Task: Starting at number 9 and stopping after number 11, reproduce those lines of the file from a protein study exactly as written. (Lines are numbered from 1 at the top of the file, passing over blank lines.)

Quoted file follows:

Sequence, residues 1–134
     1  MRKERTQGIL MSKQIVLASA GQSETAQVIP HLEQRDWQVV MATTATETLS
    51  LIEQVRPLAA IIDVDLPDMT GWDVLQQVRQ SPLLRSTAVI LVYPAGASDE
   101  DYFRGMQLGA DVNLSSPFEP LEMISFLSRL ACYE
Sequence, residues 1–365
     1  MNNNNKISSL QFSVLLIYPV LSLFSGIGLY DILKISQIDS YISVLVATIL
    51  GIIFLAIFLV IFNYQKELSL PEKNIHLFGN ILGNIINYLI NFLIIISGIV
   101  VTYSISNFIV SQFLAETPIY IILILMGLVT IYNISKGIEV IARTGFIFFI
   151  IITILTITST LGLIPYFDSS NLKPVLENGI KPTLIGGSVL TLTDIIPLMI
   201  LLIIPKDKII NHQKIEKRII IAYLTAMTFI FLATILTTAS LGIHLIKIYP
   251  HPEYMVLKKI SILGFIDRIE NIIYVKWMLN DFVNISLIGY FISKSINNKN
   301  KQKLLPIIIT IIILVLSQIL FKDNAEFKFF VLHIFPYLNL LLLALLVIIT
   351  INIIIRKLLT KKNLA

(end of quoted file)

   151  IITILTITST LGLIPYFDSS NLKPVLENGI KPTLIGGSVL TLTDIIPLMI
   201  LLIIPKDKII NHQKIEKRII IAYLTAMTFI FLATILTTAS LGIHLIKIYP
   251  HPEYMVLKKI SILGFIDRIE NIIYVKWMLN DFVNISLIGY FISKSINNKN